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Self-Assessment The college selection and application process is a time of self-discovery and personal growth. You reflect on your life, evaluating what is meaningful and important to your continued academic and personal growth; and you define which college environments will best accommodate these needs. We encourage you to keep an open mind and listen to all of the (sometimes conflicting) suggestions from friends, family, counselors, teachers, and college admission officers. You need to take the time to reflect on the advice and put it into a perspective that is meaningful to you. There are over 3,000 colleges in the country, and many are appropriate for each student.

Choosing your college is an interesting and exciting experience. If you begin early and follow the schedule outlined in this handbook, the process will be manageable and successful. Ask questions whenever they arise and adhere to the deadlines. The students who follow through early and consistently with their college research will have good choices and will make a wise decision for their future.

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Checklist of considerations: what should you look for in a college? What are the essential characteristics that you desire from your college choices? Go through the following list and identify your preferences, making note of any details that will help you while researching schools.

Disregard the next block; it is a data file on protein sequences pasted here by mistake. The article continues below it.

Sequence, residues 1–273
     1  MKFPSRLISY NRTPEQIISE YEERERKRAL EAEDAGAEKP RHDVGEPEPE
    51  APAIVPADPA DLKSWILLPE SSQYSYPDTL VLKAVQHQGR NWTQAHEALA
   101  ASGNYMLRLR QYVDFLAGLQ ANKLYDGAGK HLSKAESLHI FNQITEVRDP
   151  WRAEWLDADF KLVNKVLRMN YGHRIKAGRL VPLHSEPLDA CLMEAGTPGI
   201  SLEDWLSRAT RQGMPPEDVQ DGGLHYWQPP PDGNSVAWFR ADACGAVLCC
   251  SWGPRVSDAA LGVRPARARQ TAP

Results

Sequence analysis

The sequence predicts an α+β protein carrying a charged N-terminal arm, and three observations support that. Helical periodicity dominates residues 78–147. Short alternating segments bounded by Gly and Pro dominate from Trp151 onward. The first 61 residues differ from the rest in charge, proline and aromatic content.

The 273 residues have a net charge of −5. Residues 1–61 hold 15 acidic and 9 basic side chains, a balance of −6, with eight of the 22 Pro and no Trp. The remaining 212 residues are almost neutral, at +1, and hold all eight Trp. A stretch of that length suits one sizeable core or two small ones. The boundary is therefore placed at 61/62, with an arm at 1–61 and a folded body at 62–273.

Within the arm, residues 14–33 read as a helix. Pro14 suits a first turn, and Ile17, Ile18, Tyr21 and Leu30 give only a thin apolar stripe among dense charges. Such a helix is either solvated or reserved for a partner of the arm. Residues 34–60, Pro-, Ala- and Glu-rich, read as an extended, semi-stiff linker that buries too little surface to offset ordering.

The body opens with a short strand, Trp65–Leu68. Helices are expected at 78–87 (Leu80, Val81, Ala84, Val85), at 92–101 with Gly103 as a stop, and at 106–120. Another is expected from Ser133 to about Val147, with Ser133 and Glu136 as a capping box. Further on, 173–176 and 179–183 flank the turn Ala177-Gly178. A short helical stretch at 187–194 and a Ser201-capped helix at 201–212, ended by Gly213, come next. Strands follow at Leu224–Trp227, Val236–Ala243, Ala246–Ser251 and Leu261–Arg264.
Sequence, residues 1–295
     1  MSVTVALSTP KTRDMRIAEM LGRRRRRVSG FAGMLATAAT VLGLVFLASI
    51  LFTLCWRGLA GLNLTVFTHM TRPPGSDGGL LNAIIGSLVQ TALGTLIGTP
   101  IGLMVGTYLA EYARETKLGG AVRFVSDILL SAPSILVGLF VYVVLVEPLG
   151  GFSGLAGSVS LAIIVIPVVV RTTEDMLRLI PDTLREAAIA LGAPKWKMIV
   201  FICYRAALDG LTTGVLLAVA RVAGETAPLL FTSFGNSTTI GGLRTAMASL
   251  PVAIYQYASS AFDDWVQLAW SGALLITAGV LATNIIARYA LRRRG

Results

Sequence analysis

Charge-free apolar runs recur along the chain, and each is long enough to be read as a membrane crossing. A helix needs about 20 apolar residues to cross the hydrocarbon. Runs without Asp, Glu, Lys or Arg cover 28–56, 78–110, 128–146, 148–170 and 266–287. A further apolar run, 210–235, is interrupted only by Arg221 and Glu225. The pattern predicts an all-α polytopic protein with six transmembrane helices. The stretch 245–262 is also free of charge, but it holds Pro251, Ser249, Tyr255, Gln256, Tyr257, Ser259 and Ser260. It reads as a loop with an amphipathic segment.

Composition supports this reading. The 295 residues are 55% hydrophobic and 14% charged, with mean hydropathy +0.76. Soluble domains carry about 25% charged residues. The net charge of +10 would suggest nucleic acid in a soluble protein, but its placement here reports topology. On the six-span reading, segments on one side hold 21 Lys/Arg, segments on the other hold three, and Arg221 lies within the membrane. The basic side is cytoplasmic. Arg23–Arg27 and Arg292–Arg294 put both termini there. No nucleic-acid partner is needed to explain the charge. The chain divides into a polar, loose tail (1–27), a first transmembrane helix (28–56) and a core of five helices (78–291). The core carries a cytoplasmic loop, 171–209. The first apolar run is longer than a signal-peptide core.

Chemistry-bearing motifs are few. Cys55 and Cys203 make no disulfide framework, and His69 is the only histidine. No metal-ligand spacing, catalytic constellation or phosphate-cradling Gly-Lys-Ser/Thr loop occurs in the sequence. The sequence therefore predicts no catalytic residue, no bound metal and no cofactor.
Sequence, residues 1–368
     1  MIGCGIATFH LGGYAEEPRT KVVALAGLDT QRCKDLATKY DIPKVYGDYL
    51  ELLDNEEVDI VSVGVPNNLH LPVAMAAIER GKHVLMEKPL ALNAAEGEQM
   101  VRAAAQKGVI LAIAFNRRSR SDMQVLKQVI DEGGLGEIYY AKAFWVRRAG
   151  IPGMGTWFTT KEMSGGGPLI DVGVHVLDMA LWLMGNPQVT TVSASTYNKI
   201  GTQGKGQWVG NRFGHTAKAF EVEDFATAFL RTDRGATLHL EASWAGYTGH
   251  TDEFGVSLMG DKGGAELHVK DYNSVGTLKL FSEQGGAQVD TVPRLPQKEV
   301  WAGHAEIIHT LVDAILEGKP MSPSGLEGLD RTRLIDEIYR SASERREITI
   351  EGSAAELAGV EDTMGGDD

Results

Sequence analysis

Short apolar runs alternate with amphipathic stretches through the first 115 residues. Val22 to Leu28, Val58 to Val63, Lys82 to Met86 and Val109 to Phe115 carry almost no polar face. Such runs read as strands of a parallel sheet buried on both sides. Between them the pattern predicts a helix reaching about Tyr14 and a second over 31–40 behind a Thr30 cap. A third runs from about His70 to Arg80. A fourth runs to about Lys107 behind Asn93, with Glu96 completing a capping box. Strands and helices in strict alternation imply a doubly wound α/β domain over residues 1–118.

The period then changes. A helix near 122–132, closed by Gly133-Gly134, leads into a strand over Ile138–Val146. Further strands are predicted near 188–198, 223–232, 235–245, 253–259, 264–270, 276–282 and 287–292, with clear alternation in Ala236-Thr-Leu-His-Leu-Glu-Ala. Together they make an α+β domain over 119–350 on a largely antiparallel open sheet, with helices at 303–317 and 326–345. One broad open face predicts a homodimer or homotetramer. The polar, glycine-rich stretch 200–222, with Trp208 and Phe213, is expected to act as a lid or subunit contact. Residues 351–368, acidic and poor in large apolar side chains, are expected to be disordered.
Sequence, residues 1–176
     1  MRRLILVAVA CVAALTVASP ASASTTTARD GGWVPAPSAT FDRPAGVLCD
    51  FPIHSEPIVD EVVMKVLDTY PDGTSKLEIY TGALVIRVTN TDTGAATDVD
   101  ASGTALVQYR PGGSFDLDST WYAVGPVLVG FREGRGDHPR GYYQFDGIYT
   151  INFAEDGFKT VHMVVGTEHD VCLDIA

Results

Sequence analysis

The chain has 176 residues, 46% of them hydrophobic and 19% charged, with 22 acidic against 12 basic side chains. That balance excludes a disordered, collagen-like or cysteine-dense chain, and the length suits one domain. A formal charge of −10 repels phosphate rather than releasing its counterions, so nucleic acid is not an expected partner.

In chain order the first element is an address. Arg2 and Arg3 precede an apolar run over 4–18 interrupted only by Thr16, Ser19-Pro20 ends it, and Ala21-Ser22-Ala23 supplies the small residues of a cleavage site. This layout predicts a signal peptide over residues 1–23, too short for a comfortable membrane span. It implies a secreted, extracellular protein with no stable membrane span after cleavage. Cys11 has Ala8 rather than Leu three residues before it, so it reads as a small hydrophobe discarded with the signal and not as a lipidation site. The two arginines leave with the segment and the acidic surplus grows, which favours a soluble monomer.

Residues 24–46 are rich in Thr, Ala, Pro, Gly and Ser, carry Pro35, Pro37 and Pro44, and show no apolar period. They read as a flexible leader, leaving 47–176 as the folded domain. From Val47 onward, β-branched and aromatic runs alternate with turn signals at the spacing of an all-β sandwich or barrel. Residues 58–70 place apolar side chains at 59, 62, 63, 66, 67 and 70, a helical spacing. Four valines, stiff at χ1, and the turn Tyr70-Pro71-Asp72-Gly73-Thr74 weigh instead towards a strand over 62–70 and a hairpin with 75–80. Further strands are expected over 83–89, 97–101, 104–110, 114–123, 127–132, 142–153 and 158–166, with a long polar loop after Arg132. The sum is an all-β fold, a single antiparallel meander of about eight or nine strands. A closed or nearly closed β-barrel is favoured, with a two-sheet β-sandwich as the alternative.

The Basics Distance from home Size (small, medium, large) Setting (urban, suburban, small town, rural) Region (New England, Mid-Atlantic, Mid-West, Southeast, West, International) School’s Selectivity (college’s admission rate; typical profile of admitted student; average test scores; estimate your chances) Housing (% that live on-campus, off-campus, number of years guaranteed) Religious Affiliation Student Population (co-ed, all female; historically black college)